Gregory Sierra Dies: ‘Sanford And Son’ And ‘Barney Miller’ Star Was 83

·2 min read

Gregory Sierra, who was a key part of two major 1970s sitcoms as Julio Fuentes on Sanford and Son and Sgt. Miguel “Chano” Amenguale on Barney Miller, has died. He was 83.

Sierra died Jan. 4 in Laguna Woods, California, from cancer, according to a family spokesman. His death just became public today.

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Born in New York’s Spanish Harlem, Sierra worked with the National Shakespeare Company and in the New York Shakespeare Festival. He also appeared in off-Broadway plays and was a standby on Broadway for The Ninety Day Mistress in 1967.

Moving to Los Angeles, Sierra had guest appearances on such shows as It Takes a Thief, Medical Center, The High Chaparral, Mod Squad, The Flying Nun and Kung Fu.

In films he was also a supporting actor in Beneath the Planet of the Apes (1970), Getting Straight (1970), Papillon (1973), The Towering Inferno (1974) and the Orson Welles project The Other Side of the Wind.

In 1972, he was cast as Julio, the sidekick to crotchety junkyard entrepreneur Fred Sanford, He was introduced in the second season episode, “The Puerto Ricans Are Coming.” The show, developed by All in the Family creators Bud Yorkin and Norman Lear, led to another memorable appearance in one of their vehicles, as Sierra played a radical Jewish vigilante in the episode “Archie is Branded” in 1973.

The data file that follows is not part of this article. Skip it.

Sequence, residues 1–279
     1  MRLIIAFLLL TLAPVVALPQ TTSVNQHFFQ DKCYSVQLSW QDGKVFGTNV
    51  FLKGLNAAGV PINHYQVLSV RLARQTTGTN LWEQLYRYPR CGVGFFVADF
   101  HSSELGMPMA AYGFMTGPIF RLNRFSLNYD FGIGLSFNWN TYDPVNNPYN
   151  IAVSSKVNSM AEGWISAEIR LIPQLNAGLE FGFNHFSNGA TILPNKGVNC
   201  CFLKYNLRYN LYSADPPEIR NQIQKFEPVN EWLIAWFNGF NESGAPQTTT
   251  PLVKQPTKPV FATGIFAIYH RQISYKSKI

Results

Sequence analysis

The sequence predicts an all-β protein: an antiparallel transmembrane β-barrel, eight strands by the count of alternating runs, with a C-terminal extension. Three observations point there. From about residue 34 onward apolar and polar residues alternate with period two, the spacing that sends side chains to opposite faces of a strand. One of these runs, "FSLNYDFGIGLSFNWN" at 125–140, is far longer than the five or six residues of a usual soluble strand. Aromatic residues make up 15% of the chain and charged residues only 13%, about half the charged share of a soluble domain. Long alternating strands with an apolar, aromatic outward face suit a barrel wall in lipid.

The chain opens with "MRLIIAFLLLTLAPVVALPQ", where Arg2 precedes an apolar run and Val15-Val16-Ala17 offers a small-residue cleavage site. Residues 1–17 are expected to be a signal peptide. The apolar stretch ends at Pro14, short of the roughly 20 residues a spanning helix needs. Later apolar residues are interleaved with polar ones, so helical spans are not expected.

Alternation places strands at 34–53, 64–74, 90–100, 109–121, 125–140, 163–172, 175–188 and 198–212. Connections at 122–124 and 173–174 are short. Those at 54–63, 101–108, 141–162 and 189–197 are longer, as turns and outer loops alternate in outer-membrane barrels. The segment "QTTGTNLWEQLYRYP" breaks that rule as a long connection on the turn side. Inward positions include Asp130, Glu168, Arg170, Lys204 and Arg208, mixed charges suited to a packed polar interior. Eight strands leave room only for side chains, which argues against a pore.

The versatile Sierra also was tapped later to portray Carlos “El Puerco” Valdez, a Malaguayan counter-revolutionist who kidnaps Jessica (Katherine Helmond) on ABC’s Soap.

After Sanford and Son, Sierra struck comedy gold again, appearing in 1975 as one of the original New York detectives in Barney Miller. Sierra played Chano on the show.

Sierra left Barney Miller at the end of the second season, moving over to another sitcom helmed by Barney Miller creator Danny Arnold. A.E.S. Hudson Street was set in a New York emergency room, but ended after just six episodes.

Sierra’s career continued as a recurring character on such shows as Hill Street Blues, Zorro and Son, Miami Vice and Murder, She Wrote, among many others.

Continuing his steady career, Sierra also appeared in the film The Trouble With Spies (1987), Honey, I Blew Up the Kid (1992), Hot Shots! Part Deux (1993), A Low Down Dirty Shame (1994), Vampires (1998) and Mafia! (1998).

He is survived by his wife, Helene. No memorial plans have been announced.

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